To avoid this happening, I recommend thawing your chowder in smaller portion sizes, as mentioned above. It should rule out any need for refreezing as you only thaw what you need each time.
How well does clam chowder freeze?
If you keep within the procedures I've outlined above, you'll find that clam chowder freezes well, and you'll be able to enjoy it for between 4 to 6 months after the initial freezing.
Various types of clam chowder
There is clam chowder, and there is clam chowder. There are several different variations, and each has its own characteristics and is made with a distinct blend of ingredients.
It means that they won't all behave in the same way concerning flavor and texture when frozen and then defrosted. You can check out what goes well with clam chowder here.
Let's take a look at the three main types you are likely to come across.
1 New England clam chowder
New England clam chowder is probably the most popular variant of all. Its ingredients include chopped clams, dairy milk or cream, salty bacon, onions, and potatoes. The same goes with this ham and corn chowder recipe.
When making it, you start with heavy cream and butter base, and it is this which gives New England clam chowder its lovely thick consistency.
The use of dairy products separates the New England variety from the Manhattan and Rhode island variants.
It was the one first introduced into America by the first settlers as far back as the 1700s and is the one that is now considered by most to be the clam chowder staple. Recipe here.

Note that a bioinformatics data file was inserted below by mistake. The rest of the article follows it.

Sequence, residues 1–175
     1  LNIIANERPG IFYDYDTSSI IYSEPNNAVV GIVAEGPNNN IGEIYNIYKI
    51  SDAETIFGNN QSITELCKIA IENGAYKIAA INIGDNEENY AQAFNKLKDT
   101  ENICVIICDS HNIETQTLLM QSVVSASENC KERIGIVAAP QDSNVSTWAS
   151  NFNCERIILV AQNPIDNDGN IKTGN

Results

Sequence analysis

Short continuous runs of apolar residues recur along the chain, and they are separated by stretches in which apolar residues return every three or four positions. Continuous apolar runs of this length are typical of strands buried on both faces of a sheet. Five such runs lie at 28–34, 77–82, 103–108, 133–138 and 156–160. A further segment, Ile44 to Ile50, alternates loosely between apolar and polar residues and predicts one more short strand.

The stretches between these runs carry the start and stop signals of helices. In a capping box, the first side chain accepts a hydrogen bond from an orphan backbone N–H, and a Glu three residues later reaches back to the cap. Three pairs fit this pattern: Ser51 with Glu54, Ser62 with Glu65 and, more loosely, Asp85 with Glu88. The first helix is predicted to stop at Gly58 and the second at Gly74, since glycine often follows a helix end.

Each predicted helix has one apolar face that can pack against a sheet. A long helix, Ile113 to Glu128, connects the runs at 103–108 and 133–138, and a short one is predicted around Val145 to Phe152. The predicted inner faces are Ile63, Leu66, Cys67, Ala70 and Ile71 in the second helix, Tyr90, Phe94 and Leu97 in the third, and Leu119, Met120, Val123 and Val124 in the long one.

2 Manhattan clam chowder
As the name suggests, this variation of clam chowder was born in Manhattan, New York.
The main difference between this and other clan variants is that it doesn't use any dairy. Instead, the base is made with tomato and vegetable stock.
The addition of the tomato gives Manhattan clam chowder its distinctive redness. Because there is no dairy, it has a thin consistency.
Whereas the potato in New England clam chowder contributes to a thicker consistency, leaving this ingredient out also creates thinner consistency.
Sometimes people add cubed potato towards the end of cooking.
Leaving out the potato and the dairy means that Manhattan clam chowder is ideal for freezing. Check the recipe here.
3 Rhode Island clam chowder
Rhode Island clam chowder is akin to the Manhattan variety, the main difference being that instead of a tomato base, it uses broth (vegetables or chicken).
Like the New England variant, the Rhode Island version uses a potato to thicken the consistency.
The other thing that sets Rhode Island clam chowder apart from its other cousins is the use of quahog clams; the smallest is known as "littleneck" while the largest are called "cherrystone."
As far as freezing is concerned, Rhode Island clam chowder freezes well.
However, you may elect to remove the potato before freezing, add freshly cooked potato after defrosting, and before you serve. Find the recipe here.
Freezing canned clam chowder
As mentioned earlier, it is possible to freeze canned, store-bought clam chowder. I should qualify this by saying that you mustn't freeze it while still in the can.
Referring back to the principle of expansion, the can could easily burst during freezing.
If you intend to freeze unopened, canned clam chowder, I suggest that you first transfer it into a freezer-safe container or reusable freezer bag.